Izzy was referred to the Veterinary Medical Center of Central New York by her family veterinarian. Izzy, a 3 year old otherwise healthy Yorkshire Terrier, had collapsed and was non-responsive by the time she arrived at her family veterinarian. She was not breathing well, and her veterinarian quickly responded by placing a breathing tube and beginning assisted breathing with an ambu-bag. Izzy’s heart rate was abnormally fast, and so IV fluids were also administered. Because her family veterinarian knew Izzy needed specialty care, she was transferred to the Critical Care Service at the Veterinary Medical Center of CNY. Izzy’s owners drove her here (an approximately 45 minute drive) with a tube in her airway. Izzy was comatose and they were not sure that she would even survive the drive.
On arrival to the Veterinary Medical Center’s Critical Care Service, Izzy was immediately rushed to the ICU for evaluation and treatment. She remained in a coma, with a fast heart rate and low blood pressure. Her oxygen level was low, so she was given supplemental oxygen while a technician gave her breaths through an ambu-bag. Tests were performed immediately while additional treatments were provided in order to improve Izzy’s condition. An EKG showed a fast heart rate. Blood pressure and oxygen levels were low. Emergency blood work showed a low red blood cell level as well as a low protein level. Izzy continued to receive IV fluids while her parameters were continuously monitored. During this time a large swelling was noted on Izzy’s neck. Further inspection of this swelling showed it was due to bleeding under the skin. Izzy had also bled heavily from her IV catheter sites. An ultrasound showed she was bleeding around her lungs, causing her lungs and airways to collapse. This was deemed the cause of her difficulty breathing.
Based on these findings she was immediately screened for anticoagulant rat poison toxicity, a toxin which causes life-threatening internal and external bleeding. Her test results were highly suggestive of rat poison toxicity. Izzy’s owners were informed of this and realized that there had been the potential for exposure to rat poison a few days prior to this incident. Izzy immediately received treatment for this condition, which included a red blood cell transfusion, a plasma transfusion and Vitamin K injection. She continued to be continuously monitored while a Critical Care specialist and a team of licensed veterinary technicians stood constantly by her side. Over the next hour Izzy became responsive and able to breathe well on her own. The breathing tube was removed, and her heart rate and blood pressure normalized. Within 2 hours of treatment Izzy was up and going outside for walks!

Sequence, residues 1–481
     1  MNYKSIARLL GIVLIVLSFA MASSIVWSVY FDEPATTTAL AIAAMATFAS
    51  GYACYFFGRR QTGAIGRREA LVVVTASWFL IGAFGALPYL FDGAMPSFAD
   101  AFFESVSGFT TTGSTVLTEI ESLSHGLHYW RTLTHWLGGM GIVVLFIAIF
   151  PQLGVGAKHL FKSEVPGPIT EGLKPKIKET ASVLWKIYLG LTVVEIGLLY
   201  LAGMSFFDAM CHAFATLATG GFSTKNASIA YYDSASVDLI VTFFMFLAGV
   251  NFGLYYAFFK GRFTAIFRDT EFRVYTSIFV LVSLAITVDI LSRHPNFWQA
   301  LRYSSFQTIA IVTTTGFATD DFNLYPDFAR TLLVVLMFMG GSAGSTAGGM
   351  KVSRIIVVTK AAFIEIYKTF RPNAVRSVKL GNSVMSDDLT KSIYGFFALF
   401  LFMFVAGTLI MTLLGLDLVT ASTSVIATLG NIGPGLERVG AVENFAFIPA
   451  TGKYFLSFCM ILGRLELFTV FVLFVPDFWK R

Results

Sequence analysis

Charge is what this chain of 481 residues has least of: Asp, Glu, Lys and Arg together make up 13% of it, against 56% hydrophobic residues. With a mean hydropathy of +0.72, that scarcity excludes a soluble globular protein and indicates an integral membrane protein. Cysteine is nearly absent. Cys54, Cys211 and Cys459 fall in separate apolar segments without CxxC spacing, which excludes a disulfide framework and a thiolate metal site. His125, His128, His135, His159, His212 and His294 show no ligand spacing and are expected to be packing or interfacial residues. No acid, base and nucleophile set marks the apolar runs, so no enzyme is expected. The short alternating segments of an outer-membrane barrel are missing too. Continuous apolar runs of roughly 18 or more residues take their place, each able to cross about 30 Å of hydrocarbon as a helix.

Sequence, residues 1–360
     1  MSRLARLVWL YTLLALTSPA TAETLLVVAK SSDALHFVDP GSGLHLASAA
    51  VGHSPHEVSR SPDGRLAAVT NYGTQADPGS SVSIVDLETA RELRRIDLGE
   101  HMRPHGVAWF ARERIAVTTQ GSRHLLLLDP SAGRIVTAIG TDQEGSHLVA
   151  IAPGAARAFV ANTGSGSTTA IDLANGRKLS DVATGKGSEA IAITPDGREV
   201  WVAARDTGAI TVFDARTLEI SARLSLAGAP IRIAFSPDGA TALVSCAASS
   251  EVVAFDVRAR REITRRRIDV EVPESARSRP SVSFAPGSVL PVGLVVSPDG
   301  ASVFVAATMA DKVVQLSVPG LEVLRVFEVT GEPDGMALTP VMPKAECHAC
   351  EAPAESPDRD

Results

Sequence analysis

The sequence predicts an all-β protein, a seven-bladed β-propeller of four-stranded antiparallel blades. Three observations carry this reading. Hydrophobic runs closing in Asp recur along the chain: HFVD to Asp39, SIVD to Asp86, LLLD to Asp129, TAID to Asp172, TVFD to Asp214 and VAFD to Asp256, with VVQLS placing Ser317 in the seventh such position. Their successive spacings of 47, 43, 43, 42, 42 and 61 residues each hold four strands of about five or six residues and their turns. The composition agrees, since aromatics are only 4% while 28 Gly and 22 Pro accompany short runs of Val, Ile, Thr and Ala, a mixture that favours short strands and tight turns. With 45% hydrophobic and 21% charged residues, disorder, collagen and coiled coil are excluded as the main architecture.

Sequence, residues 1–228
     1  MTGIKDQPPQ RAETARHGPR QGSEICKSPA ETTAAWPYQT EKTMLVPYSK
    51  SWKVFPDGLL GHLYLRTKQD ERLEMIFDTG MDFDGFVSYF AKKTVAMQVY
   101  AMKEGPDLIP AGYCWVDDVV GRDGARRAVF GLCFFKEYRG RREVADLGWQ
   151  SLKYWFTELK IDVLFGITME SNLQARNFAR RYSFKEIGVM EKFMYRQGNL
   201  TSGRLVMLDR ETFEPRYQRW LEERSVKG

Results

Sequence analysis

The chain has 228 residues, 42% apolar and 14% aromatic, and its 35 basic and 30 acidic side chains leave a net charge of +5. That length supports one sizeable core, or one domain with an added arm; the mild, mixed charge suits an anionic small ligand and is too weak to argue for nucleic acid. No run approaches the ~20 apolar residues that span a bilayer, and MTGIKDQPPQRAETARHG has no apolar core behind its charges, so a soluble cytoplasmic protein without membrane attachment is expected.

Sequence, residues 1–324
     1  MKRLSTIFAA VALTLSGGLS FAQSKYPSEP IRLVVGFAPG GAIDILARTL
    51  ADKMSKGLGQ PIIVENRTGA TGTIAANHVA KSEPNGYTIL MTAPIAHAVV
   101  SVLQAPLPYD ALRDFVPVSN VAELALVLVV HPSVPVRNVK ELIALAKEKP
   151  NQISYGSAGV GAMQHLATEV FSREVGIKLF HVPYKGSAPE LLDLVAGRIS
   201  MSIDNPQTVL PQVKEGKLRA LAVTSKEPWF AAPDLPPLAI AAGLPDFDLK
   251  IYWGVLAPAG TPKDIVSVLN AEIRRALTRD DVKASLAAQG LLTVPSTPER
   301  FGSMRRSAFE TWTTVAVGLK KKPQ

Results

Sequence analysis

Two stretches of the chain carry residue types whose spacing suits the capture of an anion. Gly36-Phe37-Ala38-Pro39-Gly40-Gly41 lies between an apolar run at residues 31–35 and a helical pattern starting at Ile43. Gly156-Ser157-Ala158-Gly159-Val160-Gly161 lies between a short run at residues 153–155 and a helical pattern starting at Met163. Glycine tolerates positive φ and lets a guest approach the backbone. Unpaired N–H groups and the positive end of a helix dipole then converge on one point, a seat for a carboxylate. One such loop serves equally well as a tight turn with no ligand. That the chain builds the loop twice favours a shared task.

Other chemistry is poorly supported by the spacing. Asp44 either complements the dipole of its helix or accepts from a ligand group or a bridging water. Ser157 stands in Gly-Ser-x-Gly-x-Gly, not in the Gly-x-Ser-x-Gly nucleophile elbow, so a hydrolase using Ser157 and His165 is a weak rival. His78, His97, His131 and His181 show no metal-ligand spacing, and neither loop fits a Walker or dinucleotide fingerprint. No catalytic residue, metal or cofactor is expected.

Izzy remained hospitalized in the ICU for 48 hours to be closely monitored and receive supportive care. During this time she made a steady recovery. For the first 24 hours she remained in an oxygen cage to help support her breathing. Her heart rate, breathing rate, temperature, blood pressure and EKG were closely monitored. Recheck blood work was performed to monitor her for internal bleeding. She was eating and drinking well, and she was bright and alert (especially when her family came by for visits!). Izzy was discharged 48 hours after presenting to the Veterinary Medical Center. She was sent home with a 4 week course of treatment with Vitamin K. A recheck evaluation performed 1 month later showed that Izzy made a complete recover and no further treatment was necessary.
Recently the Veterinary Medical Center received these pictures of Izzy running through her yard, happy and healthy. We are so grateful that Izzy has made a full recovery, and we wish her all the best! Izzy is a very special patient of the CriticalCare Service, and she will never be forgotten!
So what made Izzy’s case so successful? Not only did Izzy receive immediate care and treatment by her primary care veterinarian, but Izzy’s transfer to the Veterinary Medical Center (VMC) was an important step in her treatment. At the VMC Izzy was directly cared for by board-certified specialists in Emergency and Critical Care. The VMC is the only private hospital in central New York to have not only one, but two full-time Emergency and Critical Care Specialists, Dr. Maureen Luschini and Dr. Elise Craft. Please refer to "What is Veterinary Critical Care" or our website for more information.
Thanks to our Medical Director, Dr. Maureen Luschini, for summarizing Izzy's case for this post and some very special thanks to Izzy's family for allowing us to share her story!